The Institute of
April 24–25, 2009
Reviewed by Theodore Bale
Jennifer Bricker and Nathan Crawford in the mesmerizing aerial overture to GIMP. Photo courtesy ICA.
When six confident dancers (Christina Briggs, Lawrence Carter-Long, Jeffrey Freeze, Lezlie Frye, Catherine Long, and Heidi Latsky) walk slowly downstage in the opening scene of GIMP, each is looking directly, almost confrontationally, into the audience. Two of them have provocative slogans on their black T-shirts: “Keep staring, I might do a trick,” says one, and “Let’s get ready to stumble,” the other. The words reminded me that as a child, I was taught never to stare at disabled persons. I remained curious into adulthood, however, and the dancers in GIMP not only break this common taboo, they make the situation reciprocal: They stare back at you.
Subverting these well-established “polite” conventions of gaze is the starting point for this event, which skillfully blends political inquiry, psychology, and aesthetic explorations of form, structure, and dynamics. GIMP is without doubt a gleaming milestone in the progress of contemporary dance and theater, proving that the term “disabled dancer” is an oxymoron.
The performance began outdoors with a mesmerizing aerial overture and prologue to original live music by Stan Strickland and Randall Woolf. One definition of gimp is “a ribbon-like, braided fabric.” Jennifer Bricker (an accomplished aerialist and athlete without legs) and Nathan Crawford (a dancer with the Britney Spears “Circus” tour), used just that—a suspended stretch of long, crimson silk—for an intensely erotic duet. In a series of variations on spinning and clinging, each took turns manipulating the other within and around the fabric. In its abstract sense, it was a striking study in proportion and scale. When Crawford embraced Bricker, she became entirely concealed within his arms and torso. When she grounded one of his spinning episodes from far below, she appeared to be navigating a huge kite through a hurricane.
The stage portion of GIMP has an urban, night-club feel. Eva Mantell’s scrim projections of body parts, classic statuary, and animals, as well as Christopher Ash’s tense lighting design, provide a worthy landscape for a series of non-narrative duets and ensembles. Text is fragmentary. “Three cripples walk into a bar,” says Carter-Long at one moment, never finishing the joke. Certain episodes juxtapose the same movement or gesture by a dancer such as Latsky (with a traditional body) and a dancer whose arm finishes in a smooth point rather than a set of five splayed fingers, or another who has just one arm. The purpose here is not to assert any kind of qualitative hierarchy. Rather, the performers are like a thicket of trees subsisting on the same soil, light, and water, but each expressing its response to those elements with irrefutable distinction.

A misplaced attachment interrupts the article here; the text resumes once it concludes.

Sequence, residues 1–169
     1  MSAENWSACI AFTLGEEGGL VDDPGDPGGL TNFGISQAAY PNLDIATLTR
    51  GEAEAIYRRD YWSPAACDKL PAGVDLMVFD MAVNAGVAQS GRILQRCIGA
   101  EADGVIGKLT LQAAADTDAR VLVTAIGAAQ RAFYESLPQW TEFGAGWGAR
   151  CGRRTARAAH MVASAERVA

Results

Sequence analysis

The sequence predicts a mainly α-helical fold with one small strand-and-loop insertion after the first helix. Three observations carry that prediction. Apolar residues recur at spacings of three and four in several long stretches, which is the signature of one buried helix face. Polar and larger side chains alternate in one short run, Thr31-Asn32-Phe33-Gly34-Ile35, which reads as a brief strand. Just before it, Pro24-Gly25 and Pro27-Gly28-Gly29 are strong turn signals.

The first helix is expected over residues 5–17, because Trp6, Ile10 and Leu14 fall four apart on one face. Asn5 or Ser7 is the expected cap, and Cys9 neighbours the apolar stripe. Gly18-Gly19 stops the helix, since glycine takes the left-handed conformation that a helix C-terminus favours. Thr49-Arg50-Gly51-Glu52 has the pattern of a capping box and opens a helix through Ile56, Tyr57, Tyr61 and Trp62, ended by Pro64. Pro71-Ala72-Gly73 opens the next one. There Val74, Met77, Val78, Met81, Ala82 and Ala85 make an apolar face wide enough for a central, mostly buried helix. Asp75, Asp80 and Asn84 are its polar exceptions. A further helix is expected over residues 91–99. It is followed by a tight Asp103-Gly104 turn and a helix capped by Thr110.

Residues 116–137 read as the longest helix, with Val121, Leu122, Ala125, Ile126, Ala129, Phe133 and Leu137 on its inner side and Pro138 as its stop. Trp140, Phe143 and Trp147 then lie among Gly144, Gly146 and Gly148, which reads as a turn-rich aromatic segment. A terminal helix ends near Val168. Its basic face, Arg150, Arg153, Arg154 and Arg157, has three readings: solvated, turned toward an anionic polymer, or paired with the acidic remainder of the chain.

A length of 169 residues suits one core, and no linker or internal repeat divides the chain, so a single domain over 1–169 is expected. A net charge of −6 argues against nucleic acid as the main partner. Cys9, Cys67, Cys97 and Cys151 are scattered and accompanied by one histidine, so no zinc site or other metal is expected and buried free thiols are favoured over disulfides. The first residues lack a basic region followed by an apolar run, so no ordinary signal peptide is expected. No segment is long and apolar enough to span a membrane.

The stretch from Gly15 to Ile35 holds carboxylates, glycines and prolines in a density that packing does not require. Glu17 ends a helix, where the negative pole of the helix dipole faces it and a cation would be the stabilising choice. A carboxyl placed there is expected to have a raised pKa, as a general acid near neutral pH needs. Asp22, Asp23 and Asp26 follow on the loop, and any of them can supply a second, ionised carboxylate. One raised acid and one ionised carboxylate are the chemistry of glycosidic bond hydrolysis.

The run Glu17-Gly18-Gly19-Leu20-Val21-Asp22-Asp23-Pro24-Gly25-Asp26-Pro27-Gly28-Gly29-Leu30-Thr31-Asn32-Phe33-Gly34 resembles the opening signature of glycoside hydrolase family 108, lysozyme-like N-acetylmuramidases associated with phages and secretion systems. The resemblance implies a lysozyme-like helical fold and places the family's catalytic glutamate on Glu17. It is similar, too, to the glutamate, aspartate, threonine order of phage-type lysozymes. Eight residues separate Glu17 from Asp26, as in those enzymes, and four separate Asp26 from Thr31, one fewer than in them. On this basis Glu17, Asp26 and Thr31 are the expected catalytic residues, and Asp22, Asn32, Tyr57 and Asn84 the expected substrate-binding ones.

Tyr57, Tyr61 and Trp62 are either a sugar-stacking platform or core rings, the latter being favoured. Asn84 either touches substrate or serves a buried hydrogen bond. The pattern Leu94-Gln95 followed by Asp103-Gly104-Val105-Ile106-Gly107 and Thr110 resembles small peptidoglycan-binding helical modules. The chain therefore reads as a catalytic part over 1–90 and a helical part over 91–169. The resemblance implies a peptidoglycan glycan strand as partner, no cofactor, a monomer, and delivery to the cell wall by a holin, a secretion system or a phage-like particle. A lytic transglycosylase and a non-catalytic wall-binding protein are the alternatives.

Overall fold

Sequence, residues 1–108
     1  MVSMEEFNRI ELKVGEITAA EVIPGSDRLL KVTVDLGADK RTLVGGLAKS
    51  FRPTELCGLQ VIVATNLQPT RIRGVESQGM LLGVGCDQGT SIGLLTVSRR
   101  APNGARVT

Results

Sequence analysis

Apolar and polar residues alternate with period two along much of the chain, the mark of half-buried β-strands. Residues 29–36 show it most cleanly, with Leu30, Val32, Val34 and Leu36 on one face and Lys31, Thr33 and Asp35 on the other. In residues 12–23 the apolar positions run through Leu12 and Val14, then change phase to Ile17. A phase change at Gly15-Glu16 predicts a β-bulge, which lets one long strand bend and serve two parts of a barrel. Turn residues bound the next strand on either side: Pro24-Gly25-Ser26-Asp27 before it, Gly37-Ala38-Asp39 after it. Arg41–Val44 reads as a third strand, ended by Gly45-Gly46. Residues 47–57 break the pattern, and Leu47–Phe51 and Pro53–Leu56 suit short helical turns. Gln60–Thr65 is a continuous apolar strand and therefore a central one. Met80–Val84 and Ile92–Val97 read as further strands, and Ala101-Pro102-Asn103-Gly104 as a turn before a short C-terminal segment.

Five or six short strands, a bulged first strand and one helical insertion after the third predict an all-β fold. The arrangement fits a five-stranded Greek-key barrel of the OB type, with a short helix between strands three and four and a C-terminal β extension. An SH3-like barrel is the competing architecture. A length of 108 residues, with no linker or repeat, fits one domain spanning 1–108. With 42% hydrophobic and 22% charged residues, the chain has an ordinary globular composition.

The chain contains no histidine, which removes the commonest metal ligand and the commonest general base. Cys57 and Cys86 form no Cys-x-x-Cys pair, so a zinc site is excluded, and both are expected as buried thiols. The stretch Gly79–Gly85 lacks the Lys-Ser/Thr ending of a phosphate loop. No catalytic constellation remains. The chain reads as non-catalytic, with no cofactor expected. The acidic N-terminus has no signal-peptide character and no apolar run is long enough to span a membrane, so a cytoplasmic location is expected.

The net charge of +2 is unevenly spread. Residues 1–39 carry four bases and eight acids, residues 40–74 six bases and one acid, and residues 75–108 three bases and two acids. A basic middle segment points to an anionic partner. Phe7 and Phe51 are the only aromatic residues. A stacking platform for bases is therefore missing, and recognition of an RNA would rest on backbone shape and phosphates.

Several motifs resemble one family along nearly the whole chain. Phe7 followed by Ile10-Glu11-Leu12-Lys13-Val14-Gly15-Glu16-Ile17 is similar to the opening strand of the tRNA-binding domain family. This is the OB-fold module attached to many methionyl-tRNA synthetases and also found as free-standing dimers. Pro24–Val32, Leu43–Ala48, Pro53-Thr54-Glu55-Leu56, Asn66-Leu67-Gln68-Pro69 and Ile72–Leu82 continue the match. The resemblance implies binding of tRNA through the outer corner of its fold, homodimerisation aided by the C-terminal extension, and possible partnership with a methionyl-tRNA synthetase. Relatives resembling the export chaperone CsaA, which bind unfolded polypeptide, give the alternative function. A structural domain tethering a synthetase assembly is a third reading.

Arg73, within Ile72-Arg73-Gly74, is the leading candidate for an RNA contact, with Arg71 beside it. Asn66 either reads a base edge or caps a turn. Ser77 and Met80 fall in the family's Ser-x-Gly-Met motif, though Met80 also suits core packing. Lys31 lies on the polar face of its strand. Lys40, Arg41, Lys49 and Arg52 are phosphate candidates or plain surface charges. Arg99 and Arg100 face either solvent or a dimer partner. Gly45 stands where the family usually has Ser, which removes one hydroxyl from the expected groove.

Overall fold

What do Percy Jackson, Princess Diana and Tina Turner have in common? They're all characters on Broadway this season. Throw in Michelle Dorrance's choreographic debut, Henry VIII's six diva-licious wives and the 1990s angst of Alanis Morissette, and the 2019–20 season is shaping up to be an exciting mix of past-meets-pop-culture-present.
Here's a look at the musicals hitting Broadway in the coming months. We're biding our time until opening night!
If you think becoming a trainee or apprentice is the only path to gaining experience in a dance company environment, think again.
The University of Arizona, located in the heart of Tucson, acclimates dancers to the pace and rigor of company life while offering all the academic opportunities of a globally-ranked university. If you're looking to get a head-start on your professional dance career—or to just have a college experience that balances company-level training and repertory with rigorous academics—the University of Arizona's undergraduate and graduate programs have myriad opportunites to offer:
Yes, we realize it's only August. But we can't help but to already be musing about all the incredible dance happenings of 2019.
We're getting ready for our annual Readers' Choice feature, and we want to hear from you about the shows you can't stop thinking about, the dance videos that blew your mind and the artists you discovered this year who everyone should know about.
Ah, stretching. It seems so simple, and is yet so complicated.
For example: You don't want to overstretch, but you're not going to see results if you don't stretch enough. You want to focus on areas where you're tight, but you also can't neglect other areas or else you'll be imbalanced. You were taught to hold static stretches growing up, but now everyone is telling you never to hold a stretch longer than a few seconds?
Considering how important stretching correctly is for dancers, it's easy to get confused or overwhelmed. So we came up with 10 common stretching scenarios, and gave you the expert low-down.